|(Exclusively for the use of the media. Not an official document)
The Hague, 8 March 1996
The Tribunal issues an international arrest warrant against Milan Martic
The Trial Chamber I, presided over by Judge Claude Jorda, reconfirmed, on 7 March 1996, all four counts of the indictment against Milan MARTIC and issued an international arrest warrant to be sent to all States. The Chamber also considered that the warrant of arrest must be sent to the Multi-national Military Implementation Force (IFOR) deployed on the territory of Bosnia and Herzegovina pursuant to the Dayton Agreement.
Milan MARTIC, ex-President of the self-proclaimed Republic of Serbian Krajina, is accused of having knowingly and wilfully ordered the shelling of Zagreb with Orkan rockets on 2 and 3 May 1995 (counts I and III). The attacks allegedly killed and wounded civilians in the city. Milan MARTIC is also accused of being responsible for the shelling because of his position of authority and his alleged failure to prevent the attack or to punish the perpetrators (counts II and IV). The shelling falls under the competence of the Tribunal pursuant to Article 3, concerning violations of the laws and customs of war, and Article 7 (1) and 7 (3) of the Statute, concerning individual criminal responsibility and command responsibility for violations of the Statute.
On 13 February 1996, the indictment against Milan MARTIC, together with several warrants of arrest with orders of transfer, issued on 25 July 1995 and still non-executed, were submitted to Trial Chamber I. Pursuant to Rule 61 of the Rules of Procedure and Evidence, the Chamber reexamined in public the indictment against Milan Martic. The hearing was held on 27 February 1996 at the Seat of the Tribunal in the Hague.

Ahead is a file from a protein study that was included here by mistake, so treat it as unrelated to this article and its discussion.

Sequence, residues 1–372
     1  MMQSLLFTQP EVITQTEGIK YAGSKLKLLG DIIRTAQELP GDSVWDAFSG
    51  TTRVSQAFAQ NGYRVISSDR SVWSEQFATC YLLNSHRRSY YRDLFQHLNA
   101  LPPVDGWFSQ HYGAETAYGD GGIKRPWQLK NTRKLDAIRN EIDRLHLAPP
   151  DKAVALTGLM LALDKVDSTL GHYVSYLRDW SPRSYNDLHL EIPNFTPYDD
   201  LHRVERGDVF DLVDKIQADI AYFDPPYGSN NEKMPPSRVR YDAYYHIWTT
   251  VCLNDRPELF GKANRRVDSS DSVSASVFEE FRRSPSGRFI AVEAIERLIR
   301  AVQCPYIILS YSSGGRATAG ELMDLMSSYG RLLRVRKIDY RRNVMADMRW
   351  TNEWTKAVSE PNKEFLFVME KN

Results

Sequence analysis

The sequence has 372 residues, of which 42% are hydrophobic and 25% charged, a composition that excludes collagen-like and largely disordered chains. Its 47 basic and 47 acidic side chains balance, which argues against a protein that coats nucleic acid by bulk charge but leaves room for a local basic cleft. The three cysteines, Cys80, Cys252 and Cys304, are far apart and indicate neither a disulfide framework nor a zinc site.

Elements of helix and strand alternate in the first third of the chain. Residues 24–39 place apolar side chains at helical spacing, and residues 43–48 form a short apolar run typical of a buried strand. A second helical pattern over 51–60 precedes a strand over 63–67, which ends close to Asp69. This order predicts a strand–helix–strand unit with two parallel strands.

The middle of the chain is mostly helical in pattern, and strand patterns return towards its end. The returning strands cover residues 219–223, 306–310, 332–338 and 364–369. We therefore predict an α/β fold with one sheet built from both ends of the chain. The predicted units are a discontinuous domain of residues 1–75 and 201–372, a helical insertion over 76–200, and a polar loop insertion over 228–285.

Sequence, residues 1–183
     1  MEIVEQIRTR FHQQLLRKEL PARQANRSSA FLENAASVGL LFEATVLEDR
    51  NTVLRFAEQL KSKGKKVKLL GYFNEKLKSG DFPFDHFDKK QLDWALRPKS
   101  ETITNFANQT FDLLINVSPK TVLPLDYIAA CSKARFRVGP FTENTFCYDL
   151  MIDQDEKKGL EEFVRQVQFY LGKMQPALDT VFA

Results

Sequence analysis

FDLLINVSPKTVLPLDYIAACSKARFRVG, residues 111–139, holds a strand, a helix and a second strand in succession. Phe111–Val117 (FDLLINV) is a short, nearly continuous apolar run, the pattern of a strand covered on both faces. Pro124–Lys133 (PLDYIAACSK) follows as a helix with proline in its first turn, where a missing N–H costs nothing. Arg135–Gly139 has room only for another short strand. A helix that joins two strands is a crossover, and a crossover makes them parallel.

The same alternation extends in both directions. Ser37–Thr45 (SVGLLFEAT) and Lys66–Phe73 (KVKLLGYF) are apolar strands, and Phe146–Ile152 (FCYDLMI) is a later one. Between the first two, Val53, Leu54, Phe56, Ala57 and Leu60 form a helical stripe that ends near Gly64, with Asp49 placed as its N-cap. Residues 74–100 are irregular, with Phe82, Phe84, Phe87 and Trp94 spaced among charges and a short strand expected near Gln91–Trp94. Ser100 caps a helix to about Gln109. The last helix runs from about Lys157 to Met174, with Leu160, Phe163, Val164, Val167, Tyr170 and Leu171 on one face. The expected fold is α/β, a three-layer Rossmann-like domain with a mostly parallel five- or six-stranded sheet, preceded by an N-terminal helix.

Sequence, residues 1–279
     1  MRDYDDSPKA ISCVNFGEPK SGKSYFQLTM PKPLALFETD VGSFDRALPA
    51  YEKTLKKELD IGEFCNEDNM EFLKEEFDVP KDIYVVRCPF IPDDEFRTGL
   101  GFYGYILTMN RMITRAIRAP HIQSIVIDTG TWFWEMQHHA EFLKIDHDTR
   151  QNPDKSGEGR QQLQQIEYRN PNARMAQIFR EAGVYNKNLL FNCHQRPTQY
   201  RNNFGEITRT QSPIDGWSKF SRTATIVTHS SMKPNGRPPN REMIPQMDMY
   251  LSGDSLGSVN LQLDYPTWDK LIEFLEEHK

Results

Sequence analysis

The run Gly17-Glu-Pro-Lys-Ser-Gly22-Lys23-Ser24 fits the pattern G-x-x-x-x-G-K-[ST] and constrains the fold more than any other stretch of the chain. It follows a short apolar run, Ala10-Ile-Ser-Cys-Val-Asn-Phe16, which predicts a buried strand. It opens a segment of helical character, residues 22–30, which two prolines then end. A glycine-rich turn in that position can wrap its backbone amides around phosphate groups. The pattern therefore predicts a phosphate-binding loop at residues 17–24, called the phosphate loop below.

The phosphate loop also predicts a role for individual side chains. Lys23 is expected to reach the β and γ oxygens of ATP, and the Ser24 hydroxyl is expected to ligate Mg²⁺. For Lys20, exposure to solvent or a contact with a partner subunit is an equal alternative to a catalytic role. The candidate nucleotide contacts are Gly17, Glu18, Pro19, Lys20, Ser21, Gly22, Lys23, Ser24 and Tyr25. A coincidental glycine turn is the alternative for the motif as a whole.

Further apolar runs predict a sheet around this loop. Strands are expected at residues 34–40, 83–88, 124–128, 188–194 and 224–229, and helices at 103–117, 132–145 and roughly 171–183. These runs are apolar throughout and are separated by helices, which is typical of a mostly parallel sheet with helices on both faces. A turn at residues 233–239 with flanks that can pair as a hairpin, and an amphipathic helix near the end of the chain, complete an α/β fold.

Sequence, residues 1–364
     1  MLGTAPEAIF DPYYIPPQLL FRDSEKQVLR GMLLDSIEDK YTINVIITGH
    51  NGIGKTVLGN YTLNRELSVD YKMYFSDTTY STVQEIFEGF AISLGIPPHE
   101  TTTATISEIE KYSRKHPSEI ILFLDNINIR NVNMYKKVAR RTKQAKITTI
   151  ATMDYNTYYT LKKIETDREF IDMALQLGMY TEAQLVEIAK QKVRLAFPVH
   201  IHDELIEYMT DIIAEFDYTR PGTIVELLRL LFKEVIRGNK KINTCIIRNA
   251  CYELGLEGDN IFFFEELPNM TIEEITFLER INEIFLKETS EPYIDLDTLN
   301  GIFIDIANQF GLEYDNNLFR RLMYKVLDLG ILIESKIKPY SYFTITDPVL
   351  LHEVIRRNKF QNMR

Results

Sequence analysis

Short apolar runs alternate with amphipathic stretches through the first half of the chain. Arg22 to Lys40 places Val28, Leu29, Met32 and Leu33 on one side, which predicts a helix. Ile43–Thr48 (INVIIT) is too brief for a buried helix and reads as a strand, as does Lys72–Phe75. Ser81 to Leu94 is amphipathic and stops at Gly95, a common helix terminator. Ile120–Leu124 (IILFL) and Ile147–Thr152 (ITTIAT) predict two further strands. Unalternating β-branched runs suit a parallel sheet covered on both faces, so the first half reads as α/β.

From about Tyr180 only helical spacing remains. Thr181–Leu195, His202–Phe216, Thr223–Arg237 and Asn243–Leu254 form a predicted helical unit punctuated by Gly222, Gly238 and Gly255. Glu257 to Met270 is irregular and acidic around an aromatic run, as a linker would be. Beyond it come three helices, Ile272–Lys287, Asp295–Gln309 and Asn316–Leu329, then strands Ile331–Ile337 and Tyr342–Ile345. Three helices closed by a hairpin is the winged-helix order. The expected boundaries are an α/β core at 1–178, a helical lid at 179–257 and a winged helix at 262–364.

During the hearing, the Trial Chamber examined all the evidence submitted by the Prosecutor in support of the indictment. Four witnesses were called before the Trial Chamber: an investigator in the Office of the Prosecutor, two police officers from Zagreb and a military expert in the field of weapons. A number of photos and a videotape were submitted in order to present the general situation in Zagreb after the shelling of 2 and 3 May 1995.
Based on the evidence produced and the testimonies heard, the Trial Chamber was satisfied that reasonable grounds existed for believing that, on 2 and 3 May 1995, the civilian population of the city of Zagreb was attacked with Orkan rockets on orders from Milan MARTIC, the then President of the self-proclaimed Republic of Serbian Krajina. The attacks killed and wounded many civilians and caused significant damage. In respect of its accuracy and striking force, the use of the Orkan rocket in this case was not designed to hit military targets but to terrorise the civilians of Zagreb. These attacks are therefore contrary to fundamental rules of customary and conventional international law which fall within the scope of Article 3 of the Statute of the Tribunal.
International Criminal Tribunal for the former Yugoslavia
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